NEXT FEST ends with ‘Turbo Kid,’ DJ’s and an audience other fests would kill for

LOS ANGELES – The third Sundance NEXT FEST came to a close on Sunday night and let”s hope we”re not reaching by saying it has now secured its much-needed place on the LA cultural calendar.

A spin-off of the main Park City festival, NEXT FEST started in August 2013 primarily featuring films that had premiered in January in the “NEXT” and (sometimes) Midnight sections.  Screenings were held over a three-day weekend in different venues across the city and that gave the first edition of the festival an unintended scattershot feel.  Last year, Sundance wisely made the Ace Hotel”s historic United Artists theater the event”s home base and secured the LA premieres of “Life After Beth,” “Listen Up Philip,” “Kumiko the Treasure Hunter,” “The Guest” and “Girl Walks Home Alone at Night.”  Oh, and performances from Tinashe and Warpaint.  Considering many of those movies ended up on a ton of year-end best of lists that was always going to be a tough act to follow.  

2015's edition kicked off on Sunday, August 2 with a screening of “Cop Car” (luckily buzzworthy as the director will be helming the next “Spider-Man”) at the Hollywood Forever Cemetery.  The festival continued Friday night with the LA premiere of Noah Baumbach and Greta Gerwig”s wonderful “Mistress America.” That evening”s sold out program ended with a live performance from Sky Ferreira.   Saturday included a screening of the documentary “Finders Keepers” with a Q&A moderated by “Silicon Valley's” Thomas Middleditch and Audrey Plaza.  The day wrapped with another well-received doc, “Entertainment” and a performance by Sharon Van Etten.  This pundit was out of town Friday and Saturday, but heard the former events were more, um, entertaining than the later.  Still, attendance appears (and we say appears because the festival has not shared any numbers) to have been very strong across the board.  If Saturday”s programs didn”t sell out they were still pretty full and the festival ended with a pretty packed screening of “Turbo Kid” on Sunday.  

As for “Turbo Kid,” it's the epitome of a midnight movie and simply not for everyone. Directed by the Montreal trio of François Simard, Anouk Whissell and Yoann-Karl Whissell, “Kid” takes place in an alternate timeline inspired by bad ’80s B-movies where the “future” post-apocalyptic world is 1997 (so smart, right?).  There are a lot of stylistic jokes that reference that era of moviemaking (and you've seen them before), but the surprise was just how gory it is.  The movie is not categorized as a horror film at all and all of the blood and guts are for comedic effect, but, boy, did it get gross quick.  “Kid” is also a flick where its intended audience will cheer when it”s revealed Michael Ironside is playing the villain and the dialogue is as campy as possible (which doesn”t always mean its as funny as the filmmakers hope it will be).  “Degrassi: The Next Generation” star Munro Chambers is pretty good as the “Kid” in question and veteran Canadian actress Laurence Leboeuf brings a ton of energy as Apple. That being said, unless the movie”s trailer blows you away it”s worth skipping.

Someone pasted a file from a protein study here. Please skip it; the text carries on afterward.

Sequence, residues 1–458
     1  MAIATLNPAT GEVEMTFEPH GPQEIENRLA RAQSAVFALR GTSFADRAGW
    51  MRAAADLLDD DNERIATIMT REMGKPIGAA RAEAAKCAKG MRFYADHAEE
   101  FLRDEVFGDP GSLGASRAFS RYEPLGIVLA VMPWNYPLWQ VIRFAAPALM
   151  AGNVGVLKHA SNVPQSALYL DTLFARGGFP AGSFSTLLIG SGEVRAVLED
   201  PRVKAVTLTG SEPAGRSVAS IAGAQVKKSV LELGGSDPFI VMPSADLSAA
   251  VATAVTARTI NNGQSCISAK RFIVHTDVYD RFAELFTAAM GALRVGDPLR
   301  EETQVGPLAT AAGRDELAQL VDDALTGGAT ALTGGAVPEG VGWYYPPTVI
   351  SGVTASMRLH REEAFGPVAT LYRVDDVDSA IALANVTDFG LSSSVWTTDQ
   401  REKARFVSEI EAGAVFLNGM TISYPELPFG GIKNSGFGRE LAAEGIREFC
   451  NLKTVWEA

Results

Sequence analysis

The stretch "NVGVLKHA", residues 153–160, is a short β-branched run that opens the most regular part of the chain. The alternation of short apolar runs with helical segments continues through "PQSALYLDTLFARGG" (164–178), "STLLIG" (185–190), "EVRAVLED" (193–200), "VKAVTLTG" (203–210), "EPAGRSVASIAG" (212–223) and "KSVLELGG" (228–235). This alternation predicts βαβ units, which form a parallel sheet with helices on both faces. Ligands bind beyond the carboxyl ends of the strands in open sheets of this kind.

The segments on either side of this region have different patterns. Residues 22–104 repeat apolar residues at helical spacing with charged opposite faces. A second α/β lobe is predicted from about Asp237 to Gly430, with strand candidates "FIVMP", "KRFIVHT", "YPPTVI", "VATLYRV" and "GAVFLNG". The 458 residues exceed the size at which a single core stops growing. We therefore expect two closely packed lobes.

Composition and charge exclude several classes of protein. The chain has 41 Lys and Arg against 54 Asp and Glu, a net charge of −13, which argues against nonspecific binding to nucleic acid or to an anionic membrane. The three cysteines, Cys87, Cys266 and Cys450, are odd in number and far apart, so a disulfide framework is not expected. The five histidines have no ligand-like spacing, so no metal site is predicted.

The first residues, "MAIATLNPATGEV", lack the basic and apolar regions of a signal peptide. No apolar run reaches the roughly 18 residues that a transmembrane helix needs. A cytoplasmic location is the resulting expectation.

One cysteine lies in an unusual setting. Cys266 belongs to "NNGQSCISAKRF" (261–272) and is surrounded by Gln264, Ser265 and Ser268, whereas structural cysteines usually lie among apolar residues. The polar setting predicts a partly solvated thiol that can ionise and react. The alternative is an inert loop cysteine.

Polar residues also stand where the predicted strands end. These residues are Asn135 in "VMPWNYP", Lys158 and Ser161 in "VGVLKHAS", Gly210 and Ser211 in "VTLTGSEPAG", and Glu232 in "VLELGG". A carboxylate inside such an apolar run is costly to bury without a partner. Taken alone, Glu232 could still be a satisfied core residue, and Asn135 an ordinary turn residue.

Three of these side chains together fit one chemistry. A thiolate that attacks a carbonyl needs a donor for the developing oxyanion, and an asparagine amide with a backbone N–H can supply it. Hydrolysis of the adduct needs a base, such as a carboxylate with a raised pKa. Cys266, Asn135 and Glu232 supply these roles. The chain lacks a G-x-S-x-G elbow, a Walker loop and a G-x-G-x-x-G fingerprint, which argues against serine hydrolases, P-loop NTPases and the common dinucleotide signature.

Before “Kid” began the festival premiered a new short film collaboration from artist/musician Flying Lotus and director Eddie Alcazar titled “FUCKKKYOUUU.”  The black and white experimental film featuring naked women playing with each other and a monstrous man in a forest felt a little bit like a ’90s Nine Inch Nails music video (or any “American Horror Story” promo) with a few nods to Jonathan Glazer thrown in for kicks.  So, yes, it was all pretty familiar, but it was certainly more memorable than “Turbo Kid.”

The night ended with an electric set from DJ”s Neon Indian and Toro y Moi.  There “dj battle” featured a little bit of house, a little bit of dub step, a little bit of EDM and a whole lot of good times.  The crowd even crashed the stage before security kindly ushered them off and an hour into the show few had left the auditorium.  And that, frankly, is the most impressive part of NEXT FEST.

The 2015 edition of NEXT FEST may not have had as many great movies as the previous installment, but both portions I attended featured the sort of energy the LA Film Fest and AFI Fest would kill for.  Also, unlike those two festivals, it attracted a much younger and, frankly, (for lack of a better description) hipper audience that would also be the envy of those competing LA festivals.  This semi-hipster audience is likely a combination of the programming and the venue (the fact the downtown based LA Film Fest did not use the Ace Hotel this past June simply makes no sense), but it makes you wish NEXT ran for a week instead of just an extended weekend. Dare to dream Sundance finds a way to extend it in 2016?  More importantly, let”s just hope its here to stay.